The buyers had their deposits locked into this project for a period of about 18 months. That happened to be a period of rapid price increases in Toronto’s condo real estate market. The average two-bedroom condo rose from about $440,000 in April of 2016 to about $590,000 in October of 2017.[1] Therefore, the purchaser of a cancelled unit had effectively lost about $150,000.

In ordinary business, when somebody enters into a contract, they are expected to carry through with their promises, barring extraordinary events such as natural disasters. To do otherwise is a breach of contract. The fact that the contracting party regrets the bargain because it now thinks it will be unprofitable is not a valid excuse. The party in breach must compensate the other party in monetary terms, e.g., for the loss of $150,000 per unit. That general principle is evaded by the contract used by the condo industry. They have a very thorough “exclusion clause” that is like the proverbial “get out of jail free card”. It states that under no circumstances is the buyer entitled to claim damages because the developer has terminated the contract.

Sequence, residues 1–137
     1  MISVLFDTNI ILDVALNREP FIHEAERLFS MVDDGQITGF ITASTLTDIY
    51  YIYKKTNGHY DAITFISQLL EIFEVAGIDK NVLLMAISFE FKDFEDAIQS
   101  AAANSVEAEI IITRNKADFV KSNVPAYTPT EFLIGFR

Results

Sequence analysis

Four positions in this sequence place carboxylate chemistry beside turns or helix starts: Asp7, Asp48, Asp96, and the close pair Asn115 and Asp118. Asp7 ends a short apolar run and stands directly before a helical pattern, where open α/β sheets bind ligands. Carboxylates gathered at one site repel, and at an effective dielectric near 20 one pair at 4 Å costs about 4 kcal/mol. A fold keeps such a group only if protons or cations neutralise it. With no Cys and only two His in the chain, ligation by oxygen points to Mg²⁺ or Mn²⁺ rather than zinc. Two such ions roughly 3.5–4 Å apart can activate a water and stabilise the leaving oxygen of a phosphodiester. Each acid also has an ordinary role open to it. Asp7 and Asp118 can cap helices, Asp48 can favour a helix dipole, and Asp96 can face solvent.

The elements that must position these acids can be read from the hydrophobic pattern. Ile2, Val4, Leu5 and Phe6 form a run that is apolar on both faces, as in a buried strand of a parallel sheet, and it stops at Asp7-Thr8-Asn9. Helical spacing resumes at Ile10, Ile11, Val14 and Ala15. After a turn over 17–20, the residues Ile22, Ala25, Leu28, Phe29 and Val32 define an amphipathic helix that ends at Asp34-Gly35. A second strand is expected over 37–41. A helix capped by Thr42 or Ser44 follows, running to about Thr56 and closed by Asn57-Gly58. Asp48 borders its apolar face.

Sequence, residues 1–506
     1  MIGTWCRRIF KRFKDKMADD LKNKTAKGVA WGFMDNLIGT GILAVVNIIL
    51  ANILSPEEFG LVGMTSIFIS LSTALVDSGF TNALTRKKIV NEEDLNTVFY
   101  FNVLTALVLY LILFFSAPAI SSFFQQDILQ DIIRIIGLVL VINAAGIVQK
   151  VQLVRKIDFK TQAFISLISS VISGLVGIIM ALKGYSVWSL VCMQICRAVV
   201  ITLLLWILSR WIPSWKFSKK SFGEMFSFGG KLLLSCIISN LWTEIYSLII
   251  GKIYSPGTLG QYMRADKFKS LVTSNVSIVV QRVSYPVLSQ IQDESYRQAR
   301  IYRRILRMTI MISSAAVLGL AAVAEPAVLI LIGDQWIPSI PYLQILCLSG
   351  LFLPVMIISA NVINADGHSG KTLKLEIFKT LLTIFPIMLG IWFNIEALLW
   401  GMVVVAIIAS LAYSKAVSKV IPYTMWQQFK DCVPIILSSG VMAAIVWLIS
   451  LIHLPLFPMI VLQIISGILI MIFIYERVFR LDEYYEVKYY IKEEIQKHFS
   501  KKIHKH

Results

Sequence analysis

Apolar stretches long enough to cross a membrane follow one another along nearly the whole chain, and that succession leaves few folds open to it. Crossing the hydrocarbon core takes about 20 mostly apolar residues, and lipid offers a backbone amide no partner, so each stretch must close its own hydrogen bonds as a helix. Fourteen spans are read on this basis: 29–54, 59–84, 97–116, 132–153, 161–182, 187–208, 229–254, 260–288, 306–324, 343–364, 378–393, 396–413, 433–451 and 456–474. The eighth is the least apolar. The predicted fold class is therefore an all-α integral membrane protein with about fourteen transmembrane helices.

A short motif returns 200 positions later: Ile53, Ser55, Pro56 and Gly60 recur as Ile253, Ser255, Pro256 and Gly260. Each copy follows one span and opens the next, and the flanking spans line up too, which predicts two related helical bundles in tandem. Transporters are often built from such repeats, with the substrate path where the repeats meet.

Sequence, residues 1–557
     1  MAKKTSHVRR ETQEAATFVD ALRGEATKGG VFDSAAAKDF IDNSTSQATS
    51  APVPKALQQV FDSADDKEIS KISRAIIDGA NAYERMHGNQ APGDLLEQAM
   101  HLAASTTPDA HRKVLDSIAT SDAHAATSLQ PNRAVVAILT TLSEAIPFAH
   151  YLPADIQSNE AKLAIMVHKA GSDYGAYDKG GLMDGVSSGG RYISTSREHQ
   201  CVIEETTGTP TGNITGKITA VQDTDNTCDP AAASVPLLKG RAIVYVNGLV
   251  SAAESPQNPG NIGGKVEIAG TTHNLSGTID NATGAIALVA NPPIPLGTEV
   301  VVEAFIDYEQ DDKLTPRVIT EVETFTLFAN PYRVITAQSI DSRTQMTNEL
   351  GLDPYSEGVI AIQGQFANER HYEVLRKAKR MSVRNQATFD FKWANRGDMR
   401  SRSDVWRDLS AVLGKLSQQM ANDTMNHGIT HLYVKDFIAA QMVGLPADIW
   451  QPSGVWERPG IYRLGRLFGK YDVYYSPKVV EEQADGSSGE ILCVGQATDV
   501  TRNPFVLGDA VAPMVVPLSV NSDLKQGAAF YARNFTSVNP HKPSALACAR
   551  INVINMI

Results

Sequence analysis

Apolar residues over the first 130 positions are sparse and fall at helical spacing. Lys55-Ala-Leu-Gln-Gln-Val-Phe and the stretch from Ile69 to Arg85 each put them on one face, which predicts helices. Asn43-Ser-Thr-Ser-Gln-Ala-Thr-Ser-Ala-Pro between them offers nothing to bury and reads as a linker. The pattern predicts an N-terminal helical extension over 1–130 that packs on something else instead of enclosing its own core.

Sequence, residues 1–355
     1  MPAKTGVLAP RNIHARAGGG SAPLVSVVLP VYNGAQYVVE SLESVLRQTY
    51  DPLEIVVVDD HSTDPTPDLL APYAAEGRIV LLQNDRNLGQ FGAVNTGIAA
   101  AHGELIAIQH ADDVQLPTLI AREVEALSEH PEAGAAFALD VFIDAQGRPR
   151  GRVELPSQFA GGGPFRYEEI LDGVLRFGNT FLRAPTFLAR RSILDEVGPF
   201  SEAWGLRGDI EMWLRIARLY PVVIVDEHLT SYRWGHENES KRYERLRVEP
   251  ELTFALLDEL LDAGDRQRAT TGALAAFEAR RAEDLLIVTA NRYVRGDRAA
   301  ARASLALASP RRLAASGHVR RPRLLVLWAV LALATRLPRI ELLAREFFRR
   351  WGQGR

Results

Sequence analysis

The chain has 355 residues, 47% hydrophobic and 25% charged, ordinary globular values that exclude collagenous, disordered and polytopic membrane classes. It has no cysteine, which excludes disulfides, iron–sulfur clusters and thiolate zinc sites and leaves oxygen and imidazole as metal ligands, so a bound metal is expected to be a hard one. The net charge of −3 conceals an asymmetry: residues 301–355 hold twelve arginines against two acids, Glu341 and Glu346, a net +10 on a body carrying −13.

The Exclusion Clause in the Condo Agreement of Purchase and Sale

An exclusion of liability clause, as its name implies, is a term that excludes liability under a contract if certain things happen. In most types of contracts that have such a clause, it relates to quite specific events, but in the standard condo developer’s Agreement of Purchase and Sale (“APS”) it is very broad and sweeping. It boldly states, in clause 28, that:

In the event that this Agreement is terminated through no fault of the Purchaser, the Deposit shall be returned to the Purchaser …. The Purchaser further acknowledges that theVendor shall not be liable for any damages or costs whatsoever incurred by the Purchaser resulting from the termination of this Agreement including…. The Purchaser acknowledges and agrees that this provision may be pleaded by the Vendor as a complete defence to any claim which may be made by the Purchaser against the Vendor. [Emphasis added]